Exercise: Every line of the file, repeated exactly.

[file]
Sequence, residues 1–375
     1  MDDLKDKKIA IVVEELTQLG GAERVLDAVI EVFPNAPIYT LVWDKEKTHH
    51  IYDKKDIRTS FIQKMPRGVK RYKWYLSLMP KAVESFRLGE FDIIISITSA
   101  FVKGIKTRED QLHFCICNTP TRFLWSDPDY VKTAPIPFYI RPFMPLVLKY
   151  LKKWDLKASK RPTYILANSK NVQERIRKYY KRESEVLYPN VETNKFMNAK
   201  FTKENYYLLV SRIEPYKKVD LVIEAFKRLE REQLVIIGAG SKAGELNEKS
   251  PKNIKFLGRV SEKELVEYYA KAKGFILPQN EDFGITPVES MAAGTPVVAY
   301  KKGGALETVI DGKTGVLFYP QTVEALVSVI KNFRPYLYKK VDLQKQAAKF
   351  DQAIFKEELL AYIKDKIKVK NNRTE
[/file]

Sequence, residues 1–375
     1  MDDLKDKKIA IVVEELTQLG GAERVLDAVI EVFPNAPIYT LVWDKEKTHH
    51  IYDKKDIRTS FIQKMPRGVK RYKWYLSLMP KAVESFRLGE FDIIISITSA
   101  FVKGIKTRED QLHFCICNTP TRFLWSDPDY VKTAPIPFYI RPFMPLVLKY
   151  LKKWDLKASK RPTYILANSK NVQERIRKYY KRESEVLYPN VETNKFMNAK
   201  FTKENYYLLV SRIEPYKKVD LVIEAFKRLE REQLVIIGAG SKAGELNEKS
   251  PKNIKFLGRV SEKELVEYYA KAKGFILPQN EDFGITPVES MAAGTPVVAY
   301  KKGGALETVI DGKTGVLFYP QTVEALVSVI KNFRPYLYKK VDLQKQAAKF
   351  DQAIFKEELL AYIKDKIKVK NNRTE